By Julian Dierkes
It seems that the revisions to the electoral law yesterday brought three main changes:
- A switch to mixed member proportional representation
- Enfranchisement of Mongolians living abroad
- 20% of all candidates have to be women
While the parliamentary election (June 20 or 27) is still far off and all speculation is just that, speculation, there are some scenarios what these changes might mean for the election.
Throughout the debates about changes to the electoral law, the Democratic Party (DP, party of president Elbegdorj) has pushed for more proportional representation while the Mongolian People’s Party (MPP, party of prime minister Batbold) has resisted this push.
The conventional wisdom has been that the MPP fears that its organizational strength in the countryside will be challenged by the orthodox (in name) re-founding of the Mongolian People’s Revolutionary Party under former president Enkhbayar, as well as by the electoral strength of the DP in areas that the MP has dominated through majoritarian elections.
I have personally not been entirely convinced by this point of view, but it is difficult to tell from abroad whether the MPP is loosing support in the countryside and how dominant the DP may be in Ulaanbaatar.
I would note, however, that it is still unclear what impact the revisions of the electoral system will have on the overrepresentation of rural voters in the Ikh Khural as that will depend on the boundaries that are drawn for the 48 constituencies.
Clearly, the Civil Will Green Party stands to win from the changes in the electoral system. Its current MPs, Enkhbat and Oyun, may have a good chance at direct re-election leaving some room for other candidates to be elected via proportional representation on a party list. Their party may also be set up best for the women’s quota, not only because of Oyun’s status as one of only three female MPs, but their cultivation of professional voters where competent female candidates may well garner a lot of favour.
Given the growth of the Mongolian diaspora (not, the Inner Mongolian Autonomous Region, but rather Mongolians living abroad), there has been a strong push to allow these Mongolians to vote. Some are looking to Mongolians educated abroad as a source for the modernization of Mongolia and as a source of the human resources necessary to turn mineral wealth into a sustainable and equitable economy.
There may also be a sense that Mongolians abroad may be less susceptible to populist arguments and resource nationalism on the basis of their education and familiarity with developed economies, at least when these Mongolians reside in OECD countries.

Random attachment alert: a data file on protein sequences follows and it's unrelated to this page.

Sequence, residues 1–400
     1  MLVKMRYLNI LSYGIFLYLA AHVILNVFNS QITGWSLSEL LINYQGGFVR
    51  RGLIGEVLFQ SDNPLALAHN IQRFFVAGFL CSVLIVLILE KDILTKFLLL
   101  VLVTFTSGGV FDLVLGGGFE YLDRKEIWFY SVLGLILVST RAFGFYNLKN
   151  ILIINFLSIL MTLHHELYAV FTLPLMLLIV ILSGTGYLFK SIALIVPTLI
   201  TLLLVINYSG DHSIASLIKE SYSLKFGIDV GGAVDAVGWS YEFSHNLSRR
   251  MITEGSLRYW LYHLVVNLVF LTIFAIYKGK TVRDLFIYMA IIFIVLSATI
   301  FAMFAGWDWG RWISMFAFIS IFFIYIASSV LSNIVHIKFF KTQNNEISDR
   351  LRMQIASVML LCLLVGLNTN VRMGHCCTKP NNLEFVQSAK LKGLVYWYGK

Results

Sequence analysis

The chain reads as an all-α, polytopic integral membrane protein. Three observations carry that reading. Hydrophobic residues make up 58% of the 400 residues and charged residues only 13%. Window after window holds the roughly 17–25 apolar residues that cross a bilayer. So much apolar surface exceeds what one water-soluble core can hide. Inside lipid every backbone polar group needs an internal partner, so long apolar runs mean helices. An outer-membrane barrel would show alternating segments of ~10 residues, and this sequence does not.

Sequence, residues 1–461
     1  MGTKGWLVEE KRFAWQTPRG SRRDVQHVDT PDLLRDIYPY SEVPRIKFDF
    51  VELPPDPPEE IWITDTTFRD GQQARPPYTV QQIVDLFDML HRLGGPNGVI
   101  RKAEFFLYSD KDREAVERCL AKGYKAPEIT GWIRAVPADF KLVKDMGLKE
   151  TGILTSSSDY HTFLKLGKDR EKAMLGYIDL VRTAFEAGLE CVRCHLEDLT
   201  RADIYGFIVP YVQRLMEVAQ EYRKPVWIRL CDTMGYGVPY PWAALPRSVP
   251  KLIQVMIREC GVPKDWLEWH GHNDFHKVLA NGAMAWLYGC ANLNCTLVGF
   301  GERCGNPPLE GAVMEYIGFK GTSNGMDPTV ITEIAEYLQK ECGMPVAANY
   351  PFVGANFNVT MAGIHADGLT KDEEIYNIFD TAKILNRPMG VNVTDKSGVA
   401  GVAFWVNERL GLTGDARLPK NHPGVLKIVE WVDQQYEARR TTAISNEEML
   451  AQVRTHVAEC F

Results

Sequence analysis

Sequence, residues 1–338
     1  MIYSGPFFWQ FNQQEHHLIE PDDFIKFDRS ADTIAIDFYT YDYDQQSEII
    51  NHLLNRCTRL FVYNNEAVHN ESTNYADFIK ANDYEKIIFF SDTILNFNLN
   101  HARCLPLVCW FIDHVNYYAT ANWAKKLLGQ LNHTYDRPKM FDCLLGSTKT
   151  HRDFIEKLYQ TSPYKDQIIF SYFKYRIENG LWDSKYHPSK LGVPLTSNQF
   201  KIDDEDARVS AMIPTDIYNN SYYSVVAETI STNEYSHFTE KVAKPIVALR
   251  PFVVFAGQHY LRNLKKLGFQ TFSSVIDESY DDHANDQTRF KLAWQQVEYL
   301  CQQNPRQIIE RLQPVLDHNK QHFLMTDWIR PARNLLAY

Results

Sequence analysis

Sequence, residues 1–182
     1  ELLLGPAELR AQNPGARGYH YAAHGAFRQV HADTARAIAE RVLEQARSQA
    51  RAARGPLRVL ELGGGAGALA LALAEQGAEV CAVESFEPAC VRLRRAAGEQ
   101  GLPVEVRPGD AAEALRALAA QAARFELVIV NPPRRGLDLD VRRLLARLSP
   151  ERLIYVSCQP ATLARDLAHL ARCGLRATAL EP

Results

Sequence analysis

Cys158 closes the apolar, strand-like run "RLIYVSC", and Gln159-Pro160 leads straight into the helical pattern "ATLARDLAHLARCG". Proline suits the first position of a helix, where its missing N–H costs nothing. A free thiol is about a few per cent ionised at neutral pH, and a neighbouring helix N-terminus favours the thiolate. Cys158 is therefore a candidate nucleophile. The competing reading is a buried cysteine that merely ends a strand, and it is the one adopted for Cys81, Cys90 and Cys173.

Will Mongolians abroad vote less on patronage considerations and more on ideological bases or policy profiles? Certainly an attractive prospect, but not an obvious development either.
If there is a significant impact of the vote from abroad it may show in campaign styles already, but until the campaign gets going, I don’t see Mongolians abroad as an obvious constituency for either the MPP or the DP, but perhaps for the Civil Will Green Party.
There are currently three female MPs. Obviously, the major parties will have some soul-searching and candidate-identification to do before they will be ready to field 20% female candidates. While there is no shortage of competent women per se, intra-party dynamics may unfold in an interesting way when some incumbents will have to be dismissed by the large parties as candidates in order to make room for female candidates.
Mongolia is no exception to the rule that incumbents have an advantage in most electoral systems. Of the revisions in the electoral law, the women’s quota may post the greatest obstacle to incumbents. By contrast, mixed member proportional representation may be an opportunity for incumbents to run a local campaign as well as lobbying their parties for a high placement on party lists.
If we assume that the 48 direct seats are distributed roughly evenly between the DP and the MPP with up to 8 seats going to other parties, that would suggest 20 seats elected directly for the MPP and DP. If they are likely to concentrate something like 3/4 of the votes through proportional representation, that would suggest around 10 seats to the two large parties through PR. Assuming that most direct candidates are also placed highly on party lists for PR (and that such a double-candidacy is allowed by the electoral law), that would suggest that the first 30 candidates on the large parties’ list may have a reasonably good chance at being elected.
Let the intra-party jockeying for candidates and party lists begin!
I would very much welcome discussion on my speculation.